Commuter watch: swapping London for Brighton

How would a girl who loved her London life and the cocktail hour survive on the south coast? Brilliantly
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Brighton Pier
© Barry Phillips
Catherine Davis (below left with her family) has swapped evenings in London's cocktail bars for barbecues on the Brighton's beach
Eighteen months ago Catherine Davis's gut reaction to the idea of leaving her cool, open-plan Shoreditch loft for Brighton was a resounding "thanks but no thanks".

Ms Davis, 41, has a high-octane job as marketing director of advertising agency Grey London, and could walk to work in half an hour. Her friends and family were in London, and her idea of a night out was drinks at a private club followed by dinner.

'Brighton has a completely different vibe to London, and despite the train fares, I think I have saved money because my social costs are so much lower'

But then she became pregnant with her son Arran, now 16 months, and her apartment was wildly unsuitable for a family. Her partner, Ewan King, 40, co-director of a film production company, Content is King, had been living in Brighton for several years and wanted her to join him.

"He promised that if I hated it we could move back to London. But it was the best thing I ever did," said Ms Davis. Her preconceived idea of Brighton was that it was a place for hen and stag weekends and retirees, and anyway she didn't want to leave her friends and family.

Catherine Davis with her son Arran and her partner Ewan King
© Andrew Hasson
Catherine Davis with her son Arran and her partner Ewan King
"I didn't know anybody at all when I moved here — 18 months on and I think I know more people than Ewan does. I started by making friends with the guy who owns the café up the road, and the guy at the bookshop, and then I joined a National Childbirth Trust and got to know six girls there."

Now evenings drinking cocktails in London bars have been swapped for beach barbecues at dusk. The South Downs are just up the road — "so we can go for a walk without having to get in the car", and gym membership has been replaced with runs along the prom.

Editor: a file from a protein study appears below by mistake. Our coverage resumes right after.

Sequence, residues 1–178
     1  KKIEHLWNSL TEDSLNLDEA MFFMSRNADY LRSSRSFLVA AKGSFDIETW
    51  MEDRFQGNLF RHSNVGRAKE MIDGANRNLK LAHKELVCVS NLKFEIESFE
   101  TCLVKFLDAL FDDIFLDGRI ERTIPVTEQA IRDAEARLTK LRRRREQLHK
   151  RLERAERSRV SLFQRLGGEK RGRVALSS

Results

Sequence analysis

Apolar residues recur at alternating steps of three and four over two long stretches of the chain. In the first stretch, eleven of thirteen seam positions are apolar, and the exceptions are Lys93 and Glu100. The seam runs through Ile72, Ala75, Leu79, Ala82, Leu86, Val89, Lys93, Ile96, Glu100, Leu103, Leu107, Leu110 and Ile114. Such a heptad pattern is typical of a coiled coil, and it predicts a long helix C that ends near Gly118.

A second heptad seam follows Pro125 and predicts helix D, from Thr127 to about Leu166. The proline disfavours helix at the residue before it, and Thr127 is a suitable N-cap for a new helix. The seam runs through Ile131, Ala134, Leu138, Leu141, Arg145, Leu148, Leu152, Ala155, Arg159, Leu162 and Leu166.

She is learning to surf and to fish, and is staggered by the amount of free children's activities — from singing groups to playgroups. And neighbours are a friendly bunch. "It is just a completely different vibe to London, and despite the train fares, and £1,000 for parking at the station a year, I think I have saved money because my social costs are so much lower."

Ms Davis sold her loft for just under £700,000 and the family now lives in the three-storey townhouse Mr King already owned in Hove.

A big hurdle came last September when Ms Davis returned to work in London, for four days a week. On a good day the commute takes her two hours door to door. A bad day can take twice that. "At first I was like, 'Aaargh!' But then I realised I had to embrace it. I suppose what I wanted was to be part yummy mummy and part career girl, and if I have to get up at 5.30am to have both then that's fine."

She works on the train journey and has made friends with other regular commuters. And while she sees London friends and family less, she feels the time she spends with them is of better quality. "People are always coming down to stay and we make an event of it, have a dinner party or a barbecue for them, rather than just go to a bar after work."

London-by-the-sea: fact file

Brighton to Victoria can take as little as 51 minutes and an annual season ticket costs from £3,392. Average house prices stand at £273,165, down 1.3 per cent year on year, according to the Land Registry.

However, according to new research from asking prices increased by £11,715 in January 2012.

Wade family
© Andrew Hasson
Roger and Jenny Wade, with daughter Tess and son Louie

A Georgian townhouse was reason enough to make the move to Brighton

Roger Wade, founder of the fashion label Boxfresh, is planning the world’s first “pop up” shopping centre in 60 shipping containers being set up in Shoreditch as a showcase for young brands.

Like Davis his decision to move to Brighton from London was made by the birth of his daughter, Tess, now 12. He and his wife Jenny, 40, who also have a son, Louie, eight, swapped a three-bedroom house in Blackheath for a Georgian townhouse in the seaside city.

Then six years ago they moved to a six-bedroom Edwardian semi close to the sea at Hove. The property swap made financial sense. They sold their London house for about £500,000 and, while their current home cost £600,000 (and required a complete overhaul), it is large, and worth around £1.25m. “If it was in London it would easily cost twice as much,” said Mr Wade, 46.

He thinks that when the market revives London prices will start to outstrip Brighton’s, and admits: “Once you're out of London it is hard to move back in.” But the family loves the seaside and Brighton's “non-threatening” environment. “Especially when you see something like the London riots."

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